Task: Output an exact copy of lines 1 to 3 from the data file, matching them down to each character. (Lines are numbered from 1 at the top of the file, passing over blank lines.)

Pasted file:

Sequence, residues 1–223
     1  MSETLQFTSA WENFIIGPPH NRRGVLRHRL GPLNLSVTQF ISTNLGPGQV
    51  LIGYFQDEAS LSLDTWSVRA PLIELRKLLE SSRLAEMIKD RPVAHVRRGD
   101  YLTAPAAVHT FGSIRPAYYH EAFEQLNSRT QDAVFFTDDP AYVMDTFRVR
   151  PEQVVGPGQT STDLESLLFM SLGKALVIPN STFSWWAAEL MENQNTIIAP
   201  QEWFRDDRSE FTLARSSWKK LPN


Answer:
Sequence, residues 1–223
     1  MSETLQFTSA WENFIIGPPH NRRGVLRHRL GPLNLSVTQF ISTNLGPGQV
    51  LIGYFQDEAS LSLDTWSVRA PLIELRKLLE SSRLAEMIKD RPVAHVRRGD